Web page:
In 1984, the government reported and celebrated an historic break-through in grain production -- a gross harvest of over 400 million long tons. So much commodity grain appeared for sale that the price of free market grain fell to almost the same level as that of state-controlled grain. This generated euphoria in regard to reform. Responsible officials decided that the grain problem had been solved and trade negotiators began to discuss contracts for substantial exports of feed grains. The reform, it seemed, was really working, at least on the production front. If there were serious questions they were about where the privatized new society was heading. Did the reform road lead to socialism?

    With prosperity breaking out all over (progress actually was very uneven), not too many people seemed to care about end results. Nevertheless, given the Communist Party's long-standing commitment to socialism and mindful of Mao's dictum that the only road open to China was the socialist road, the "reformers" wooed the "diehards" (or was it the waverers?) with polemics that reconfirmed socialism as the goal while fundamentally redefining what the word meant. Certain theoreticians turned to this task with a will. Since at that point they had not yet discovered the "first stage of socialism," an umbrella stage that could justify just about any economic behavior, they reduced socialism to (1) public ownership (the land still belongs to the state), and (2) payment according to work (each contracting peasant family takes responsibility for its own profits and losses).

    When no one could deny any longer that many peasants (fish pond operators, orchard magnates, and laying hen tycoons -- the new darlings of the press) were hiring their neighbours and pocketing big profits, the theorists declared managing to be legitimate work (which was never in dispute), but failed to make any distinction between return on capital invested and payment for services rendered. The lumped both these things together as the legitimate rewards of entrepreneurial effort. Thus surplus value disappeared and along with it exploitation. "How can there be exploitation," they asked, "when the employees earn more at their new jobs than they did as peasants?"

    This "fair day's pay for a fair day's work" logic laid exploitation fears to rest, at least for the uninitiated. The Central Committee decided that hiring wage labor was all right, even desirable, so long as the number of workers did not exceed eight. Establishments with up to eight workers it called "individual enterprises." It considered workers in these enterprises, most of whom were indeed often relatives, to be family members. If there was any surplus value it remained in the family, so to speak. But soon knottier problems arose, in the form of newly rich entrepreneurs who built and owned whole factories and employed hundreds, even thousands, of workers. They really did look like, talk like, earn like, and spend like capitalists. No one could maintain that their workers were all family, nor could anyone maintain that the wages they paid or the conditions they granted were fair. Since theory could not exorcize such "devils" it soon made room for them with a proposition as eclectic as the still to be invented "first stage of socialism." The new apologia went more or less like this: socialism, as everyone knows, requires an advanced level of productive forces; therefore, whatever stimulates production ipso facto advances the cause of socialism. Economic development, by definition, turns into socialist progress. Deng always put the emphasis on "catching mice," by which he meant producing goods and services by any method that worked, including that good old-fashioned method, private investment for private profit -- what my old colleague, Archie Wright, the leader of the New York State Dairy Farmer's Union, used to call "making a dollar like a dollar ought-a-be made." Based on this type of reasoning, the Central Committee then created a new category of enterprise called "private," a category that had no limits.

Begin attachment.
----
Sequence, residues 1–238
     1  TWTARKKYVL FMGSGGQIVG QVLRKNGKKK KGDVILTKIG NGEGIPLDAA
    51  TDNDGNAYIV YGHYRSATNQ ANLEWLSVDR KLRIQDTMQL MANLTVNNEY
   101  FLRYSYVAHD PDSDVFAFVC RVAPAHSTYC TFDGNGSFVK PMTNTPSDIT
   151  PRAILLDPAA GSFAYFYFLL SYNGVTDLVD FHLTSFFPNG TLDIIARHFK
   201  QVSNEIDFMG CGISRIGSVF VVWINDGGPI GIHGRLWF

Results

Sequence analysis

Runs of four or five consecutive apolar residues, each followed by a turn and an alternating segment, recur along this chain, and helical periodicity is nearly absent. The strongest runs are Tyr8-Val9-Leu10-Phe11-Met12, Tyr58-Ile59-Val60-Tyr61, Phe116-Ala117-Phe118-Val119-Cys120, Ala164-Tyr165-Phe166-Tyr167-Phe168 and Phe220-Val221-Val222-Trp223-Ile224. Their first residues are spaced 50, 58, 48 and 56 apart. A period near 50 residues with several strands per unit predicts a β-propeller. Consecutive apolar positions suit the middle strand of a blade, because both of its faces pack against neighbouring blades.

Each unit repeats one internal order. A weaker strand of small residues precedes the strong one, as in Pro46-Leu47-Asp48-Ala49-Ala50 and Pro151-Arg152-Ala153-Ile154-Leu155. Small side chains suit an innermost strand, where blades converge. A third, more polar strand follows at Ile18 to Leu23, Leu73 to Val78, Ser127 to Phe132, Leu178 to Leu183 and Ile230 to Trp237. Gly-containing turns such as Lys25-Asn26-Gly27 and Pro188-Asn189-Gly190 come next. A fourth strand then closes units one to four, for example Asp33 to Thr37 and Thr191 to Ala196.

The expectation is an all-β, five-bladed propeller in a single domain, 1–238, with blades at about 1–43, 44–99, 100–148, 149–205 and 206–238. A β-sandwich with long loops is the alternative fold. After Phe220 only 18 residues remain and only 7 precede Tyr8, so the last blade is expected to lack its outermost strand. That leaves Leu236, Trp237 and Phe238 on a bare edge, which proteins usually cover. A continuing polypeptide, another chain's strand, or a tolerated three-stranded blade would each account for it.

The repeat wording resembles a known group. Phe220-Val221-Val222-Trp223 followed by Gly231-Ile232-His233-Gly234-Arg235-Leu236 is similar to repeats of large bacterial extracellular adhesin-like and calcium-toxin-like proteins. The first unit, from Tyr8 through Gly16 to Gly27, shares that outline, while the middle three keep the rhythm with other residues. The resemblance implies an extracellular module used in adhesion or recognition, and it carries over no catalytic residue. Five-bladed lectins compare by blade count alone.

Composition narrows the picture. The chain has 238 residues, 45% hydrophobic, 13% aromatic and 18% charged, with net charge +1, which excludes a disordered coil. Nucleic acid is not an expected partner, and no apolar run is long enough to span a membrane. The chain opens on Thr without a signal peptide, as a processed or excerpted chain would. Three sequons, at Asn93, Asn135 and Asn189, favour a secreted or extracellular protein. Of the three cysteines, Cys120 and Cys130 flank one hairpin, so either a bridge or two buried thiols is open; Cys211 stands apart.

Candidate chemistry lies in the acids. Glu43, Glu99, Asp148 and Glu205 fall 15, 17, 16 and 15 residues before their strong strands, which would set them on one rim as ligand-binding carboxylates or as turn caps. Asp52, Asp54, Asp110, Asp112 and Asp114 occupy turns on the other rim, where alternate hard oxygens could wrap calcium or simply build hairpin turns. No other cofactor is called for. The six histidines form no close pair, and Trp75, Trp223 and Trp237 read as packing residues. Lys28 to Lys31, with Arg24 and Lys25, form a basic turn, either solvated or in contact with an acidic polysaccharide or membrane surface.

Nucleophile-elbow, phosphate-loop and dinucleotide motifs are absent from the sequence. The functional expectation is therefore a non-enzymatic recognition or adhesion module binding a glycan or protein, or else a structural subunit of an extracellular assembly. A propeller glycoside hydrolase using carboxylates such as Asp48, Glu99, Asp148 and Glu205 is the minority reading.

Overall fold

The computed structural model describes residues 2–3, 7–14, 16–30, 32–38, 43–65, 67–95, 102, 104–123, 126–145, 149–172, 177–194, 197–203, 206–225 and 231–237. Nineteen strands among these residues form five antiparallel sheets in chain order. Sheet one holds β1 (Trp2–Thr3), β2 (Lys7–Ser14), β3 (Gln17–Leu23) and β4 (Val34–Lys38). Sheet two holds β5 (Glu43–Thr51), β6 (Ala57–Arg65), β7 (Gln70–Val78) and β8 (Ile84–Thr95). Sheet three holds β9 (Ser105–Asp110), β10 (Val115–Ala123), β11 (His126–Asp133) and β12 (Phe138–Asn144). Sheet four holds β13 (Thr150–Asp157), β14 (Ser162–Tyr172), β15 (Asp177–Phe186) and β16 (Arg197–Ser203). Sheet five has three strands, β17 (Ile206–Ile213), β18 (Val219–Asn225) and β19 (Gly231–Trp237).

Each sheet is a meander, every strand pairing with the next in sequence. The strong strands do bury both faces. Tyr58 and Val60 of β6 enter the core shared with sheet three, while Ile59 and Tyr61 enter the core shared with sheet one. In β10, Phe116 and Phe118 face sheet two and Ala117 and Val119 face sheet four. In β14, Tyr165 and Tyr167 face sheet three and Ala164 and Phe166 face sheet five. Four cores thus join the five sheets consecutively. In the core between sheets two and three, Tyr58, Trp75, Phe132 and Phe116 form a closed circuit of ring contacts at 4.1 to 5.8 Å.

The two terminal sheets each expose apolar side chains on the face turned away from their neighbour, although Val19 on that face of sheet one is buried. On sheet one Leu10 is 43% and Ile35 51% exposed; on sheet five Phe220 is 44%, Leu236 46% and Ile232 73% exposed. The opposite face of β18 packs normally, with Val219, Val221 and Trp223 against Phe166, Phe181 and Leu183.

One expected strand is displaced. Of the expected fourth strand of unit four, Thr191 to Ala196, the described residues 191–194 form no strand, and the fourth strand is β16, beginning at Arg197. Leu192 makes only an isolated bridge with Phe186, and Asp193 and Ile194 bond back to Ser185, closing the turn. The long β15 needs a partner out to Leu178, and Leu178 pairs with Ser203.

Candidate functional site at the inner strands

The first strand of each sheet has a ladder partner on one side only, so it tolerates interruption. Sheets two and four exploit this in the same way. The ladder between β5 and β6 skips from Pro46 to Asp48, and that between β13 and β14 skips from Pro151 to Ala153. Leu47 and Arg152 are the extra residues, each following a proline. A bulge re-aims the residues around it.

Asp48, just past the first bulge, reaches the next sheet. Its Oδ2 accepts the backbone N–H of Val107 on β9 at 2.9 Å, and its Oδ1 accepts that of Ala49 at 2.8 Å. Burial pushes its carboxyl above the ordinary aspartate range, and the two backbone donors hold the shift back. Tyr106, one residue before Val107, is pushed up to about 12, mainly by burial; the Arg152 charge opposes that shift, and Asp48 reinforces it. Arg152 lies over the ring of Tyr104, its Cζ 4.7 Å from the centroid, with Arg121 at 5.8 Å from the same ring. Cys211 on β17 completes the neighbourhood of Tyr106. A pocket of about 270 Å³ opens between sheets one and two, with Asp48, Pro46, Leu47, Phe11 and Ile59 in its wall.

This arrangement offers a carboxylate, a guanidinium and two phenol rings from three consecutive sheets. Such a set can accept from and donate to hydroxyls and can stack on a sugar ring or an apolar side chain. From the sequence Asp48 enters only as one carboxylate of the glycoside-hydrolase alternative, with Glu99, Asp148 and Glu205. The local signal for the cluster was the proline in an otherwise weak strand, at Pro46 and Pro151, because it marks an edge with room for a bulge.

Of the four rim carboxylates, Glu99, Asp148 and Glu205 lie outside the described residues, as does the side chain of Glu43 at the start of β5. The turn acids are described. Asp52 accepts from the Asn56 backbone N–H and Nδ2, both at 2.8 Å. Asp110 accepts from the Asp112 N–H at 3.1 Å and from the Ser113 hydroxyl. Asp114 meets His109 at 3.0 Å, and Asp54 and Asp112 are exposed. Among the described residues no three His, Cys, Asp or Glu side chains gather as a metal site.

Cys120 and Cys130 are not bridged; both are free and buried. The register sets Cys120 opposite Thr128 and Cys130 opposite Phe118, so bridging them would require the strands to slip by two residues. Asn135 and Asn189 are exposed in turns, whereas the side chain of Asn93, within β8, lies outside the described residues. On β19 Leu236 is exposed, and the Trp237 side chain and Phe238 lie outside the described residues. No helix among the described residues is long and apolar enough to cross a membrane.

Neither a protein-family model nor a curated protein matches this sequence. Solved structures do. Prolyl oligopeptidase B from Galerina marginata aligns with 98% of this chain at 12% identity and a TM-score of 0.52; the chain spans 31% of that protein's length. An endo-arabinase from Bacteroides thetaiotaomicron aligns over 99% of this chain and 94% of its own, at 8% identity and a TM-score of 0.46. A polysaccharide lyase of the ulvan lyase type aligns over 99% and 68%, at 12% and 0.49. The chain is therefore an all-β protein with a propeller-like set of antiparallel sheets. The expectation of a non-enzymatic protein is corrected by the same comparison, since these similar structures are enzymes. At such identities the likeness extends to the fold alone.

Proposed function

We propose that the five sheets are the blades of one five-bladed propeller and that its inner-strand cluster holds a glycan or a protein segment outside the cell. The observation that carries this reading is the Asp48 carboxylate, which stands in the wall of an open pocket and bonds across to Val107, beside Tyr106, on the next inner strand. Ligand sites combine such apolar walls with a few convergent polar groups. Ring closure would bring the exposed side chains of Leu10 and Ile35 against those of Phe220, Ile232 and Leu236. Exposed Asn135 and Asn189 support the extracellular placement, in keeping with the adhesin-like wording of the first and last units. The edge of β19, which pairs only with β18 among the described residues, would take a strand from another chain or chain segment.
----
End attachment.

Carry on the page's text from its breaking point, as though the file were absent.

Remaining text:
When translated into social reality this pragmatism quickly produced all sorts of anomalies, contradictions, and conflicts, foremost among which was accelerated social polarization throughout a society, both urban and rural, where classes and class struggle had been declared passé. By polarization I mean class differentiation, primarily the large-scale shift from peasant smallholder (in cooperative China this meant community shareholder) to wage laborer, and at the same time, the small-scale counter shift from peasant smallholder to capitalist (mostly petty). The vast majority, it goes without saying, took part in the former transformation, dropping out of their birthright, petty bourgeois class status, and landing in the working class, probably the most massive class transfer in world history. And it took place without mechanization of crop production by drawing off some of the surplus population backed up on the land. Taking part in the transfer were some who did not want to contract land and many who were unable to do so due to age, health, gender, lack of labor power, or lack of the means to farm.